Hard times mean new opportunities for Big Oil
March 31, 2009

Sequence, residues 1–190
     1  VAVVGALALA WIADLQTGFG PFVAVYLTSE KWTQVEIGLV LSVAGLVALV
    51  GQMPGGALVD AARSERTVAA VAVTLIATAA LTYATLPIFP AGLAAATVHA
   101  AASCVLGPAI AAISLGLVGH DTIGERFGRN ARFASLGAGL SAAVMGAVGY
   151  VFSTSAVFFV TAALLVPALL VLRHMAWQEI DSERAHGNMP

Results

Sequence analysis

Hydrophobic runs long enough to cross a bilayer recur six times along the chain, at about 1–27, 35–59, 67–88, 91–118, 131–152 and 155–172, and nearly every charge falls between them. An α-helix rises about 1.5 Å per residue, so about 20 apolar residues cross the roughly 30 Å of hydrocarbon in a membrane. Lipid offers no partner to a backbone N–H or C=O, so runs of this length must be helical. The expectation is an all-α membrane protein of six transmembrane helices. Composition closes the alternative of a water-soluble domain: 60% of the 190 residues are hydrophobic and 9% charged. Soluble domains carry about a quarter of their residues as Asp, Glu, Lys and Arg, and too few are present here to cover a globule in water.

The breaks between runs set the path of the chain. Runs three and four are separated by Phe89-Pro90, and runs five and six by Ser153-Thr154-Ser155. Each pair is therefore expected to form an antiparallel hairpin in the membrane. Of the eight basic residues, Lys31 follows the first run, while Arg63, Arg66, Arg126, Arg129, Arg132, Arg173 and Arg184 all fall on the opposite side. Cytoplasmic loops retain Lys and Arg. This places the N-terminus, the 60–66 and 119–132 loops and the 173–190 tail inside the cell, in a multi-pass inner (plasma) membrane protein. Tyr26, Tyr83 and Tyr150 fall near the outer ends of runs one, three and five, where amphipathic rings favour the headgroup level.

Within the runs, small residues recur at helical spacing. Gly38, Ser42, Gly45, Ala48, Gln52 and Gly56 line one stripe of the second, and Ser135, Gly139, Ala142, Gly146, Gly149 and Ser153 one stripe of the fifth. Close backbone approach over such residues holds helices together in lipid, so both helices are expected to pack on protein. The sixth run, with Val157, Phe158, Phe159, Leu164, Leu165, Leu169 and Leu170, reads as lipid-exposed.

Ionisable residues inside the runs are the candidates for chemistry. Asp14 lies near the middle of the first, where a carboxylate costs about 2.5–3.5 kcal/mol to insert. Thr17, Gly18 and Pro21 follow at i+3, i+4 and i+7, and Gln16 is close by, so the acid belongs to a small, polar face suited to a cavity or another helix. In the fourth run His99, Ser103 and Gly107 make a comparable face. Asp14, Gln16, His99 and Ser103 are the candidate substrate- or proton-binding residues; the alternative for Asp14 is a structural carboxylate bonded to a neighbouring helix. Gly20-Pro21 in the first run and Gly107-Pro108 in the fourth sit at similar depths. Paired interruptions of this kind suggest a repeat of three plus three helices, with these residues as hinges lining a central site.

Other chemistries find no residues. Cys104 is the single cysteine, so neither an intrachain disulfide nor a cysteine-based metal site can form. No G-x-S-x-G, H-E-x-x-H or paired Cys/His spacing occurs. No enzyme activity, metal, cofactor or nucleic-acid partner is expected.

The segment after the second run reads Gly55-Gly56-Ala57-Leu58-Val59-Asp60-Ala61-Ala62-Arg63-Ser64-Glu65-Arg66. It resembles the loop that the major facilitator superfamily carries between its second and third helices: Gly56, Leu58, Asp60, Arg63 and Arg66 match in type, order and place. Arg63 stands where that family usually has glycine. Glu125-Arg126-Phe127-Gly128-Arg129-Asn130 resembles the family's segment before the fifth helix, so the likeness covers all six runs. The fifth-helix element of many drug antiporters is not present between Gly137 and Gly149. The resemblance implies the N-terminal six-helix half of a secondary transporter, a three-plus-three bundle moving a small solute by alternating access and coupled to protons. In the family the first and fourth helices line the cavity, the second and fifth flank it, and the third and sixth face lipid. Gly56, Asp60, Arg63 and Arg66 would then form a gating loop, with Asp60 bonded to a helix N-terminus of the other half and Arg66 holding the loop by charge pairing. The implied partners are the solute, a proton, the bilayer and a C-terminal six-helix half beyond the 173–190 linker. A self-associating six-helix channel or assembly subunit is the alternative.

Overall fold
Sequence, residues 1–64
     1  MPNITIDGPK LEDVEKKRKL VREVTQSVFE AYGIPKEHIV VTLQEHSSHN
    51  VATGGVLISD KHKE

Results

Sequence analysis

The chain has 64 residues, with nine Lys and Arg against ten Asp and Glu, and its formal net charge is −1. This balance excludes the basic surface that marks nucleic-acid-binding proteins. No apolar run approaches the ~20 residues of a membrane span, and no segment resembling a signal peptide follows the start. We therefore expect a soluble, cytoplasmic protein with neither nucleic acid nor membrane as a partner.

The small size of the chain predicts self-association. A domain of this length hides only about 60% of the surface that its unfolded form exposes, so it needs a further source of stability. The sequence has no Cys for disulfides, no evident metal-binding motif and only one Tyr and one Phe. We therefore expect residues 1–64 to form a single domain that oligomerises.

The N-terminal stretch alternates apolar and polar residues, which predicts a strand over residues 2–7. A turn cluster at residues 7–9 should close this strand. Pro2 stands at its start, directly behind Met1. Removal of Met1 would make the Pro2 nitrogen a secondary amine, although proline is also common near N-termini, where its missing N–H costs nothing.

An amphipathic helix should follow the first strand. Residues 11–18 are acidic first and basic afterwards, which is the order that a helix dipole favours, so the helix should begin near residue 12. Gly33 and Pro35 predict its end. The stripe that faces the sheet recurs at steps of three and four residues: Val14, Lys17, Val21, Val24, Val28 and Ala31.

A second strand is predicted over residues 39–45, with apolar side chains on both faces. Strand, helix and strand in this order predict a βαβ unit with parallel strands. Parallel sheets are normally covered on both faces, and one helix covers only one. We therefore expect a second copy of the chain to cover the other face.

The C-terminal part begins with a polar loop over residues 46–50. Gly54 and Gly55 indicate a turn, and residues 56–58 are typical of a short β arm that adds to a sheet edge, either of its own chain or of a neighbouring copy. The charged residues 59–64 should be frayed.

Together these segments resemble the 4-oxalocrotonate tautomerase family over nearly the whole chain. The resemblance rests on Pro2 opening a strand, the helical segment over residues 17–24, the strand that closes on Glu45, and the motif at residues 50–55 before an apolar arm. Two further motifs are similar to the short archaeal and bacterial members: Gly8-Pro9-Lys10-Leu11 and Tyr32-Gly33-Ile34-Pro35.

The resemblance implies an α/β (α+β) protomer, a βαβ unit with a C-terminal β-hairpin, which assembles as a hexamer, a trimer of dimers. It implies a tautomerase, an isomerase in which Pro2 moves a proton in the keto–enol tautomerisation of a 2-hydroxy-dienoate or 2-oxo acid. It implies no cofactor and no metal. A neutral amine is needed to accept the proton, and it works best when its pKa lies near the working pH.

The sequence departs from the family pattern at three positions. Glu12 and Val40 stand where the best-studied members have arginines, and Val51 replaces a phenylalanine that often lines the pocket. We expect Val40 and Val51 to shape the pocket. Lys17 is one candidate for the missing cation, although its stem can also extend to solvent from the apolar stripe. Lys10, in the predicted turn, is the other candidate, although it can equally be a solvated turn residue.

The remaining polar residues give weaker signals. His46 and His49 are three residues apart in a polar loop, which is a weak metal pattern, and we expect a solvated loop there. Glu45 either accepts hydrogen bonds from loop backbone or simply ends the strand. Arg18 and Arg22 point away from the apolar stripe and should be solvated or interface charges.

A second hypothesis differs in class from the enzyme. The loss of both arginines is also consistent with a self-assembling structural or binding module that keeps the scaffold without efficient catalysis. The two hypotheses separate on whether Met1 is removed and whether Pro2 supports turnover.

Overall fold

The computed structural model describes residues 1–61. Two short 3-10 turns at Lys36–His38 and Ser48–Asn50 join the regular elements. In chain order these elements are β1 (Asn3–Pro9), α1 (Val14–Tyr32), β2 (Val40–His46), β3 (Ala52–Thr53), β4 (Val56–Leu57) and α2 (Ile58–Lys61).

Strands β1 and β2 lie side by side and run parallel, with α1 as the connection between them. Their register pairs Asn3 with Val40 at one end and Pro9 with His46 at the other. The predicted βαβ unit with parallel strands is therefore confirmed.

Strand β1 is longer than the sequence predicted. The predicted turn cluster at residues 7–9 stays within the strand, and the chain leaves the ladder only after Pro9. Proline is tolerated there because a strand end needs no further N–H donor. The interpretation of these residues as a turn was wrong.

Plunging crude prices have begun to play out in favor of Western oil companies by giving them leverage with oil-rich countries that only months ago had no reason to compromise, according to the Associated Press. Countries like Venezuela, Libya and Russia have kept a tight grip on their vast oil reserves in recent years as crude prices soared above $100 per barrel, translating into big revenues. Much of that money, rather than going back into the oil industry, was spent on unrelated political and social programs. At $50 per barrel, these countries are far more constrained and can''t adequately fund some oil and gas projects. Experts say Western oil corporations, who stockpiled cash when profits were flush, can shift operations to any corner of the globe and have the capital that allows them to strike deals with state-controlled producers on very favorable terms. The new opportunities for the major Western oil companies come even as the United States attempts to shift away from fossil fuels. Still, the International Energy Agency and other forecasters have said fossil fuels will be the primary source of global energy for decades to come. National oil companies control roughly three-quarters of the world''s proven reserves. Some fields are not economical to develop with oil at current prices. In other cases, crumbling infrastructure makes the work more difficult and expensive, if not impossible, for state-run companies. The reaction to oil prices, which recently hit five-year lows, is varied by country. Saudi Arabia said it would not cut funding at its state-run Aramco. But oil production is dropping in other countries, slashing revenues that fund national budgets. Contractors are shutting down rigs in Venezuela because the government has stopped paying them. The world''s big oil corporations already do some business in countries with nationalized industries, but the terms are often slanted heavily in the country''s favor. In particular, they''ll be looking for deals that offer lower royalty and tax rates and a greater share of production. The potential for Western oil producers to sign new exploration and production deals with resource-rich nations comes as oil majors are finding it increasingly difficult to find new reserves -- in part from limited access -- and boost production.